By: Hailey Farrow, Marketing Manager on behalf of CostQuest Associates.
On August 10, 2022, the FCC announced in a Public Notice that they have denied the release of RDOF (Rural Digital Opportunity Fund) awards for both LTD Broadband and SpaceX’s Starlink, meaning that the two providers had to forfeit the $2.18 billion that they were collectively awarded back to the FCC. The FCC stated that both providers “failed to demonstrate that they could deliver the promised service and funding these vast proposed networks would not be the best use of limited Universal Service Fund dollars to bring broadband to unserved areas across the United States.” These forfeited RDOF awards “will remain in the Universal Service Fund and will be eligible for other state and federal funding programs.”
The auction for Phase I of the Rural Digital Opportunity Fund (RDOF) was conducted in December of 2020, resulting in 180 companies bidding for a piece of the $9.2 billion pie. Among the largest winners were LTD Broadband, Charter, SpaceX, Windstream, Frontier, Starry, and CenturyLink. LTD Broadband was awarded $1.3 billion in subsidies under this program, and the fourth largest winner was SpaceX’s Starlink, winning $885.5 million in subsidies for rural broadband deployment.
The FCC to date has approved around $5 billion in winning RDOF bids, and after denying LTD and Starlink’s winnings they have a little over “$2 billion worth of bids left to process.” LTD Broadband was going to use the funds they were awarded to supply broadband to 528,088 locations across 15 states and Starlink pledged to serve 642,925 locations across 35 states.
The FCC wants to give RDOF awards to those who can provide high-speed and affordable internet Americans require
The FCC Chairwoman Jessica Rosenworcel has stated that the denial of Starlink’s bid was a question of “whether to publicly subsidize its still developing technology for consumer broadband.” The FCC also cited recent Ookla data which indicated that Starlink’s speeds declined between Q4 2021 and Q2 2022, so they elected to wait until their technologies were more developed before supplying funds of this nature.
FCC Chairwoman Jessicase Roscenworcel said “consumers deserve reliable and affordable high-speed broadband. But the question before us was whether to publicly subsidize Starlink’s still developing technology for consumer broadband—which requires that users purchase a $600 dish. We cannot afford to subsidize ventures that are not delivering the promised speeds or are not likely to meet program requirements.”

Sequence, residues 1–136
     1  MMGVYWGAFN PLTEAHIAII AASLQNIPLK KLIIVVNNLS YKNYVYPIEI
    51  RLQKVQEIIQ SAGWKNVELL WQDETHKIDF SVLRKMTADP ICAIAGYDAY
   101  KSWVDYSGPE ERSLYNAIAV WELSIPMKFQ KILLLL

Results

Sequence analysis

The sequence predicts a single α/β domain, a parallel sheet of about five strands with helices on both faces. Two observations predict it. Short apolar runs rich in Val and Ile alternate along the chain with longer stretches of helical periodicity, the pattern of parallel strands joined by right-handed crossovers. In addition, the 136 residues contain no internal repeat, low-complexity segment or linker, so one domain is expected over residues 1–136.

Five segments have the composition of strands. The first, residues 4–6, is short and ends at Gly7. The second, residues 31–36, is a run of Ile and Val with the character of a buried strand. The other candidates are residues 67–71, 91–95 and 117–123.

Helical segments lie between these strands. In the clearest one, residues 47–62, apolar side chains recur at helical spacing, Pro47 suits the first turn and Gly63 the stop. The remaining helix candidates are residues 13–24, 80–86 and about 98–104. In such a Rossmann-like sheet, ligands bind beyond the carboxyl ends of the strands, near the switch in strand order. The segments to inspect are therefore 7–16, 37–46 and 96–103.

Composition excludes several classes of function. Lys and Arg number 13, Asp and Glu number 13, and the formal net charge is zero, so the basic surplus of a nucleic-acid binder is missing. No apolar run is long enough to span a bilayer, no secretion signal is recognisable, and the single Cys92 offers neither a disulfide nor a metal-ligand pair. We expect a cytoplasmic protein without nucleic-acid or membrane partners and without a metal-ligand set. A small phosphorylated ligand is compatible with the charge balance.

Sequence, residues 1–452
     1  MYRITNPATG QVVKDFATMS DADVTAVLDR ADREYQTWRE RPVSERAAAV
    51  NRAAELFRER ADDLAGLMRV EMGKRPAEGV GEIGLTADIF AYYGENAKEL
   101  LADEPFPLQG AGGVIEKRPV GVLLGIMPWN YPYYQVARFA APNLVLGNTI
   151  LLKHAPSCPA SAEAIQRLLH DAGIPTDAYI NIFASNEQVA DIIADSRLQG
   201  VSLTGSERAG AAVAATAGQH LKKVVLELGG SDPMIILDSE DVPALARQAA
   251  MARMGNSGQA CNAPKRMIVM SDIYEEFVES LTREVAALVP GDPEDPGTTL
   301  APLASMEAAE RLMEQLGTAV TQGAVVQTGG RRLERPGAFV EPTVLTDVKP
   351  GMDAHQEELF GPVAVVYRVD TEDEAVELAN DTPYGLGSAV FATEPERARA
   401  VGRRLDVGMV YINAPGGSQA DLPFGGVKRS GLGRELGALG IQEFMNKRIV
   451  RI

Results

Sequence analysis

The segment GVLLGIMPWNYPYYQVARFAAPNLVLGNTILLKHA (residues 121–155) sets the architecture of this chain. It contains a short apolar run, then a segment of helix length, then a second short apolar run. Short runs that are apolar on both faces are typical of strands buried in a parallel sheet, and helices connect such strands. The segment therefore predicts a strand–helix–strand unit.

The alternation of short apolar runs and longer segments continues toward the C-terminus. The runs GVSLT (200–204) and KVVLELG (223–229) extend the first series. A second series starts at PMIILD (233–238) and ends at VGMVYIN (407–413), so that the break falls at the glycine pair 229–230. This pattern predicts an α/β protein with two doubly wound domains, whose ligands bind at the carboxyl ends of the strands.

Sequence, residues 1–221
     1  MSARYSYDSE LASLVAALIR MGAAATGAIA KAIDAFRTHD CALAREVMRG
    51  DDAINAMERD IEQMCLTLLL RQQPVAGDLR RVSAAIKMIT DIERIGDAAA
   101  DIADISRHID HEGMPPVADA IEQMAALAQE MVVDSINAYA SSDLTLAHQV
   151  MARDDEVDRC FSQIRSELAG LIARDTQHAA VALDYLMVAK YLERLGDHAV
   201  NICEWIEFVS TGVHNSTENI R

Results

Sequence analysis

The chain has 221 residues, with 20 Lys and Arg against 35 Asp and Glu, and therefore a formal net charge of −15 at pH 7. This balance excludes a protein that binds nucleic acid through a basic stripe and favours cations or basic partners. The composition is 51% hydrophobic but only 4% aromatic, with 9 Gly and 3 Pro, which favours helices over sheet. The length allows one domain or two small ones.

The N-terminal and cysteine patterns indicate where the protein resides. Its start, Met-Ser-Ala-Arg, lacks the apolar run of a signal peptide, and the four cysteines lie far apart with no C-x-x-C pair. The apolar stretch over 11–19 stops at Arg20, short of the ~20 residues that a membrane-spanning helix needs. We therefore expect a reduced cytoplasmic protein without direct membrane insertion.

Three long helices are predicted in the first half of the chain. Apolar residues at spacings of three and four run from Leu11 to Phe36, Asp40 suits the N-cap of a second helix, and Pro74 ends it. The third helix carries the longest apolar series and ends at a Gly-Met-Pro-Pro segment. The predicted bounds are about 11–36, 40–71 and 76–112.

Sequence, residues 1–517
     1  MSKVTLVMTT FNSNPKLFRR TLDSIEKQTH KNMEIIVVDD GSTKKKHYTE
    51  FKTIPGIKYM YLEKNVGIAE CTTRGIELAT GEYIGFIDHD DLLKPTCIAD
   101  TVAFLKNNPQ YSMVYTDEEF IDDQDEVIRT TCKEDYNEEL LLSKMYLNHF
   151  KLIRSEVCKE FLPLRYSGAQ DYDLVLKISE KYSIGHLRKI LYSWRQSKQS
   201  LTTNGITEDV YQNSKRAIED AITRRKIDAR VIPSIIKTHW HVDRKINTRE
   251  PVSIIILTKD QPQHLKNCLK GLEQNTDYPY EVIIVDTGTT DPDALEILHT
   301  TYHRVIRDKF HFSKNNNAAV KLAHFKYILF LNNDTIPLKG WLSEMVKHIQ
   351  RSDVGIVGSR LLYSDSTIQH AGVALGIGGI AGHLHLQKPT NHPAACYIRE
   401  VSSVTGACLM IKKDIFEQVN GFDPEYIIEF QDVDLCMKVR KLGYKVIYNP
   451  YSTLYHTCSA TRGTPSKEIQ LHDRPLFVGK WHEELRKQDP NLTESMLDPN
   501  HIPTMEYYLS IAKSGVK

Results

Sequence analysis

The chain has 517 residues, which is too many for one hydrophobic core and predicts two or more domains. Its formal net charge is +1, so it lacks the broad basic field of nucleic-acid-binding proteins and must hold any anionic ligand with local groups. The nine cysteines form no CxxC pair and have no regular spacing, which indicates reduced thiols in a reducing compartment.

The FCC was not nearly as specific on their justifications for denying LTD Broadband’s application, but they indicated that their “initial default on winning bids in seven states didn’t help its case.” Ultimately, the FCC determined that LTD Broadband would not be able to “deploy a network of the scope and scale required by its RDOF commitments.”
The FCC is aiming to find the ways in which RDOF funds can be used most effectively to bridge the digital divide by supplying widespread access to more powerful and faster networks. Specifically, Chairwoman Rosenworcel says that the FCC “must put scarce universal service dollars to their best possible use as we move into a digital future that demands ever more powerful and faster networks.”
RDOF Phase II
If RDOF’s Phase II auction does continue to proceed, the program will have disbursed RDOF awards of “up to $20.4 billion over 10 years to bring fixed broadband and voice service to millions of unserved homes and small businesses in rural America.” The auction for Phase I took place in December of 2020 and awarded $9.2 billion in subsidies to 180 winning bidders. These bidders have “committed to deploying broadband to more than 5.2 million homes and small businesses in census blocks that previously lacked broadband service with minimum speeds of 25 megabits per second downstream and 3 megabits per second upstream (25/3 Mbps).”
Although the minimum speeds were established at 25/3 Mbps, most of these locations “are expected to receive access to broadband speeds of at least 100 megabits per second downstream and 20 megabits per second upstream (100/20 Mbps).” The winning bidders from Phase 1 have committed to providing gigabit-speed service to over 85% of these locations.
RDOF Phase II has not set a date as of yet, but the auction date could be discussed after the first Broadband Data Collection of 2021. Following the FCC’s new granular broadband mapping approach to collect more precise data that truly reflects the areas in need of high-quality broadband service throughout the U.S. to appropriately target funds.